I fished the eggs out of the hot water using a slotted spoon, and put them into an icewater bath.

Nine eggs, all different sizes.  Some small, medium and large (and all quite lovely, if I don't say so myself).

My Results
Egg #1: Perfect! (This egg had a small crack in the shell)
Egg #2: Also perfect!
Egg #3:  Another perfect egg!  Could it be?

Egg #4:  Rats! Well, you can't win them all, right?

Egg #5: I'm getting very hopeful right now!

Egg #6: I love these blue eggs!

Egg #7: There's a water droplet on my lens in for the first shot.
Egg #8: Seriously, only one bad one out of...
Egg #9: Well, TWO bad eggs out of 9.  Still, waaaaaay better than last week!

So, in a nutshell, out of nine eggs, only two came out questionable.  The first "error," was the fattest egg I boiled.  Maybe that had something to do with it, or maybe not.  As for the last one, I didn't crack the egg very well, and it may be why it didn't come off cleanly.  

The verdict?

I'll probably try this method again, but I might add a couple of minutes to the timer, because the smaller eggs all came out beautifully.  Perhaps the largest eggs needed a little more time? At any rate, they turned out better than my average, so it's at the top of my list...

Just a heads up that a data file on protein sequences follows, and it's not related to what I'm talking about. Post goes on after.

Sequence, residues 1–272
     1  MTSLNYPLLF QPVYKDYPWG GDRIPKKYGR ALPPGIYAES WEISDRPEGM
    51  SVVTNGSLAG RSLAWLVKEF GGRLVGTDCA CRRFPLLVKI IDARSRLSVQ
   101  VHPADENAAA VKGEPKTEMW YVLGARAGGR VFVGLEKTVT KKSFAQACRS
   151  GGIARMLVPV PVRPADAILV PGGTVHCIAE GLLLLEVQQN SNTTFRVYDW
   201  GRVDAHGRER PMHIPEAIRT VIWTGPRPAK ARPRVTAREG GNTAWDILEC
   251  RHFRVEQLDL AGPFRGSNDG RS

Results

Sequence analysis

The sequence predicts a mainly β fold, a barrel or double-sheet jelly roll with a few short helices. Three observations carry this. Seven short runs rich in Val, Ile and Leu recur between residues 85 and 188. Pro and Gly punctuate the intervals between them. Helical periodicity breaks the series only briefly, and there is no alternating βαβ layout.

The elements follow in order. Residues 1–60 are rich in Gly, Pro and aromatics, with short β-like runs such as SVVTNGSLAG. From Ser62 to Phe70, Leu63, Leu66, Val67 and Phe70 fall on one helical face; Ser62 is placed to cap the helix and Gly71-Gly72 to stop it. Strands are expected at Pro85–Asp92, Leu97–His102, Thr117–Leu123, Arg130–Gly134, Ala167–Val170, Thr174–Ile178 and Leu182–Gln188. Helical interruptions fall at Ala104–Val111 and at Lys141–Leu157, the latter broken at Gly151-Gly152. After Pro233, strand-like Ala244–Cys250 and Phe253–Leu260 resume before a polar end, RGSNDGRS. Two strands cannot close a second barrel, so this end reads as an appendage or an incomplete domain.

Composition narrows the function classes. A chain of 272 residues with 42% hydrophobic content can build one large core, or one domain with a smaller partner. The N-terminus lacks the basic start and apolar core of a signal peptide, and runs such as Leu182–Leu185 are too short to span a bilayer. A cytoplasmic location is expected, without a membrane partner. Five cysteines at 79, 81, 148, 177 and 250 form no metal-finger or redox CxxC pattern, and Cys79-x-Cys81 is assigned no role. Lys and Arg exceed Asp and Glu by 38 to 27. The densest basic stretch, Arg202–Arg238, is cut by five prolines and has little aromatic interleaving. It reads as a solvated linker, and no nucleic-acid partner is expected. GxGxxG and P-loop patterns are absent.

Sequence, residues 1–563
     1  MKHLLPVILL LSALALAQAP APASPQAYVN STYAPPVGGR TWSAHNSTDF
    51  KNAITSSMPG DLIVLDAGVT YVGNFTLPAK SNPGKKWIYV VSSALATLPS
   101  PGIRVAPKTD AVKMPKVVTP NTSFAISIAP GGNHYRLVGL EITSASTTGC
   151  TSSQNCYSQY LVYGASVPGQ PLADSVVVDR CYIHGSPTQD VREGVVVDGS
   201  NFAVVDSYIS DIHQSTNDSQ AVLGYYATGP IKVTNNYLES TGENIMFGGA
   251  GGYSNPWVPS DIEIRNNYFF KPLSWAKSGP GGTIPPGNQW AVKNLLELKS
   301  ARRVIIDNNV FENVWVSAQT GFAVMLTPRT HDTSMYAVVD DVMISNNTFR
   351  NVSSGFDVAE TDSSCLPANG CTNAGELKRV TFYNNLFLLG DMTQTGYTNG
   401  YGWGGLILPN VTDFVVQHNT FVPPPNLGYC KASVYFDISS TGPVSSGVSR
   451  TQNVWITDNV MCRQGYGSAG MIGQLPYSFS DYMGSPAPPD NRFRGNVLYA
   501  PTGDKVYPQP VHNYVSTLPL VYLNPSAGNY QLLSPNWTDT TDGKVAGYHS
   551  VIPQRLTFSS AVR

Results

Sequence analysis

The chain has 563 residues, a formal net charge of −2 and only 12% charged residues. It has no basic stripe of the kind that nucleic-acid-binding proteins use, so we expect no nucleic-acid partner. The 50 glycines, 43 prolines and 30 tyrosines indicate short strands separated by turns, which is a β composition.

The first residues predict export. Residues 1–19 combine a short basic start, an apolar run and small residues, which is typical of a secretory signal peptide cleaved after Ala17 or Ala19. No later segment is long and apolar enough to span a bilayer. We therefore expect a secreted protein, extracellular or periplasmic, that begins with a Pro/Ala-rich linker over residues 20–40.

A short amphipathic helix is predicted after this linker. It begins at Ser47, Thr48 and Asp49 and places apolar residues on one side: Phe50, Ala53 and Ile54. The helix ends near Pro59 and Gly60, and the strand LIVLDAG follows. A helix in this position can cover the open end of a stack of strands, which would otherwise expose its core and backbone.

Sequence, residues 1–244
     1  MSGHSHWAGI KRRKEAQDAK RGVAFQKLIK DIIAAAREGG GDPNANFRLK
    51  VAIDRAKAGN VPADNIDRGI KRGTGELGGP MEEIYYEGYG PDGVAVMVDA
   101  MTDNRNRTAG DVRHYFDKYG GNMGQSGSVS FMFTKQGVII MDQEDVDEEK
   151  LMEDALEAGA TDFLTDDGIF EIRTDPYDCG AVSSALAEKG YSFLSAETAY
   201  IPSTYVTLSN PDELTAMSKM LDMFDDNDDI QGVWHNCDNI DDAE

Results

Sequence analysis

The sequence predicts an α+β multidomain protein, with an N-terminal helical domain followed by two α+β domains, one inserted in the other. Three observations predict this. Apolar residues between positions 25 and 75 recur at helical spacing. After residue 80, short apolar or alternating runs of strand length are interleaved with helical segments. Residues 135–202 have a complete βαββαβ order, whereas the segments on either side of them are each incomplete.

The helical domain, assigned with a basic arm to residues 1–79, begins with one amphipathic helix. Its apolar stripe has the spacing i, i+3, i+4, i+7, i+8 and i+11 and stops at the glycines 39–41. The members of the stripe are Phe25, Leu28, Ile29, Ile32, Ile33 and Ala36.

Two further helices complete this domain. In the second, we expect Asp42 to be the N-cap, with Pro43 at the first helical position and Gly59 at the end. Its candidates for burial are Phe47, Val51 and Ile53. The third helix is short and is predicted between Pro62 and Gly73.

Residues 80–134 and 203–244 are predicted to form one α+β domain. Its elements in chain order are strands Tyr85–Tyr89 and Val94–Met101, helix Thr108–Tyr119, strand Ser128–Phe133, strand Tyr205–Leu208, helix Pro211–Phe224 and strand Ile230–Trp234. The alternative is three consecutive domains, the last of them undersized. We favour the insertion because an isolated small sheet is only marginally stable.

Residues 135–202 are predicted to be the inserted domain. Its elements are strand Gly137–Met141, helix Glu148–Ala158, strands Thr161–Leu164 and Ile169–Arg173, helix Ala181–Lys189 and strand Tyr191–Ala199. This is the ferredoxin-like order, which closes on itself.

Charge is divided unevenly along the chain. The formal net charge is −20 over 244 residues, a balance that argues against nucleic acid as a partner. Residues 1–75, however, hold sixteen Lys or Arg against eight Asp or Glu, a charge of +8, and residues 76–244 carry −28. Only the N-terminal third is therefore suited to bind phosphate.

... for now...  (maniacal laughter ensues...)

Wednesday, May 7, 2014

The Great Hard-Cooked Egg Experiment….

Part 1

 So, I’m on a quest to find a way to hard-cook fresh eggs, of any size or color, which leaves them easy to peel and perfectly cooked.  I’m a bit OCD, and it drives me crazy that so much egg white comes off with the shell.  I miss the days of easy-to-peel hard-cooked eggs, and I’m beginning to think they are simply a figment of my imagination.

We have pet chickens, so farm-fresh eggs are fairly abundant.  Now, if you're like me, you are well-aware of the philosophy that fresh eggs won't work -- you have to boil older eggs to be able to cleanly peel them (while leaving the egg white intact).  I'm out to find a way to hard-cook my fresh eggs and have enough egg white (and sanity) intact to make beautiful deviled eggs.